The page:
'The Dream Is Over' by PUP, album review by Graham Caldwell. The full-length comes out May 27th on SideOneDummy/Royal Mountain


The Dream Is Over


“Are you sure you hippies aren’t too tired from smokin’ weed and hula hoopin’ all day?”

These were the words coming out of Stefon Babcock’s mouth during PUP’s 2014 set at the Hillside Festival in Guelph. Hillside being a festival known for events like “The SundayMorning Gospel Session” and it’s family-friendly atmosphere, the next 20 minutes of PUP’s set were the stuff of legends. The mostly-teenaged crowd, sweaty and tired from the volunteering at the festival, needed to be held back from demolishing the stage by a wall of 6 NFL linebacker-sized security. PUP played with their trademark ferocity, at one point covering the Beastie Boy’s “Sabotage” ( Babcock introduced it as a Cancer Bats cover, another hard-touring Ontario punk band). The next day, Babcock would drive his family car in a demo derby in my (sorta) hometown of Fergus, Ontario. If there’s one thing that can be said about PUP, they love to leave a trail of destruction in their wake.

Of course, that has a way of taking its toll on a band and “The Dream Is Over” is tantamount to that. Inspired by the words of a doctor who told Babcock that his vocal chords were out of commission, “The Dream Is Over ” dives deep into the pains of being a band that is constantly on the road (they played over 250 shows in one year). It also explores one of thee most painful things of all: being alive.

The first 7 minutes, 46 seconds of the record manage to do just that. Singles: “If This Tour Doesn’t Kill You, I Will”, “DVP” and “Doubts” are little else but a total sonic assault on the listener. Wheras their self-titled debut dealt more with the aftermath of a broken relationship, this chronicles the deterioration of one. Babcock’s family car makes an appearance on “Sleep in The Heat”, which sounds like a horrible story about returning home to find a lover dead; until you realize it’s about a Subaru. PUP also love diving into to literary-style lyrics that are truly Canadian. “The Coast” describes a small lakeside town where drowning deaths are just a sad fact of life (“the lake needs to eat like all living things, and it’s hungriest in the spring”). Just about every song is a highlight. Album ender “Pine Point” describes a dark life in a small secluded town (Pine Point, Northwest Territories) where there is little hope to hold on to, but you’ll be damned if you don’t hold on. Gang vocals abound all throughout the songs, a reminder that even though you’ve been on the road for months and you hate the other three scumbags around you, you’re still in this together.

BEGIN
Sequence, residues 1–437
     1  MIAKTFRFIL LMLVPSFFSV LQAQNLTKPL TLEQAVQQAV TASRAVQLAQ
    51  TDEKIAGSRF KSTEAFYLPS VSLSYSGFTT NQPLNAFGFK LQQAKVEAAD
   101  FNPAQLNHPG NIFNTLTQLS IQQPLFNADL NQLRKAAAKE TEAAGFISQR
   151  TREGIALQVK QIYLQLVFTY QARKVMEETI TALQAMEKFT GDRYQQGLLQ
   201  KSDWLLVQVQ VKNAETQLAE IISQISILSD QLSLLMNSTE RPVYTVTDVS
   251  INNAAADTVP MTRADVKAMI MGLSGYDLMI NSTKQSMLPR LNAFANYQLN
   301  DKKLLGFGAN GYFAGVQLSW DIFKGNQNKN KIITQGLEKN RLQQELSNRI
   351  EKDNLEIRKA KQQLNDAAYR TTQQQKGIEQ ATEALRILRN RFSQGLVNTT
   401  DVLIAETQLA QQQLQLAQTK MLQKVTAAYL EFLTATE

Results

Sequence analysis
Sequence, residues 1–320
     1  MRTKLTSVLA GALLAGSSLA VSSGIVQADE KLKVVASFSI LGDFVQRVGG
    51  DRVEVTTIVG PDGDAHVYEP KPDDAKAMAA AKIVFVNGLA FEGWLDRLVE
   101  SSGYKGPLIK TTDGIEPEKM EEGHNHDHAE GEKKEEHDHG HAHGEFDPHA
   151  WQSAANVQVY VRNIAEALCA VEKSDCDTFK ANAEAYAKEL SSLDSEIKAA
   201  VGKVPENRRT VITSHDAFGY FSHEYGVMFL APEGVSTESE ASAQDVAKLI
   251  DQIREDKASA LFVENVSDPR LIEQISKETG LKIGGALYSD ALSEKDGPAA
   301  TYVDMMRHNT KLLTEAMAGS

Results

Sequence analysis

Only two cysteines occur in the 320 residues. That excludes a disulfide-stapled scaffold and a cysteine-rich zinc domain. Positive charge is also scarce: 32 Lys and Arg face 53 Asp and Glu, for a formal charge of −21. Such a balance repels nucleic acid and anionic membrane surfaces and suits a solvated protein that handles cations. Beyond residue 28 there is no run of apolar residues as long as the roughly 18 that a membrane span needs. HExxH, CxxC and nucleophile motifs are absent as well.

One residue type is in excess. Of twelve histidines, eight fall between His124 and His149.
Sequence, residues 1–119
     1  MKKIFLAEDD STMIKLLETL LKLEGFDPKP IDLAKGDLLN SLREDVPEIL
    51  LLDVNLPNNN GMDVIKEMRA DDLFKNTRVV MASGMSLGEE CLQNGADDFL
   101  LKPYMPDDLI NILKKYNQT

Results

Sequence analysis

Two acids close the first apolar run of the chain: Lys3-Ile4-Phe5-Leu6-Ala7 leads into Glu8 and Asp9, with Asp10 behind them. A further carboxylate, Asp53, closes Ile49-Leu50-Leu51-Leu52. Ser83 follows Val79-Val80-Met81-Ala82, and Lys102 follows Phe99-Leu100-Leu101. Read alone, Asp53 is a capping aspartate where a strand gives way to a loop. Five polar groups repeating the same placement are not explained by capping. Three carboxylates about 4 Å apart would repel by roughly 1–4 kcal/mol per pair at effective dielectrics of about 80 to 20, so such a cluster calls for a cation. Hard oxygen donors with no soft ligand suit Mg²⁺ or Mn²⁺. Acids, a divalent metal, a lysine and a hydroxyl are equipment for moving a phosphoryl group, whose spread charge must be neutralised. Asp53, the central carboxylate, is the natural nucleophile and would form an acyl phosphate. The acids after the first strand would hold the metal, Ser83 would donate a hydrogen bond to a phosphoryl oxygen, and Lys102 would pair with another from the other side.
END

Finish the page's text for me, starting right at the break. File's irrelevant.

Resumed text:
PUP’s greatest strengths come from a variety of sources, but an incredibly important one would be how they’ve managed to transcend genres. They act like a punk band (wild shows, loud tunes, a slot on Warped Tour), but the songs themselves defy labels. “If This Tour Doesn’t Kill You…”’s open-ended structure smashes the verse-chorus-bridge approach, and instead feels like you’re peering in through a tour-van window at an open page of PUP’s diary. It manages to capture an flow of consciousness, going from “I hate your guts” to “Why can’t everybody just chill?”. It’s an free-form anthem that manages to fully pull off a line about power-drill-related ocular-mutilation, and it’s great. Not to be overlooked, Guitarist Steve Sladkowski continues to play riffs and leads that truly defy expectations. It makes PUP’s music not only a great soundtrack for smashing drywall and fluorescent lightbulbs, but also incredibly interesting to listen to.

There is something existential about PUP. They’re a band that isn’t talking about a “Rock and Roll” heaven or hell. It’s as if their tour van is Sisyphus pushing the rock up the hill, only to run out of gas. It’s doing 180 on the Don Valley Parkway because there’s nowhere else for it to go. It’s realizing that having “nowhere else that you want to be” can feel like being trapped in some kind of awful dream. For PUP, it seems like the dream is truly over, but the nightmare is only beginning.

review by Graham Caldwell


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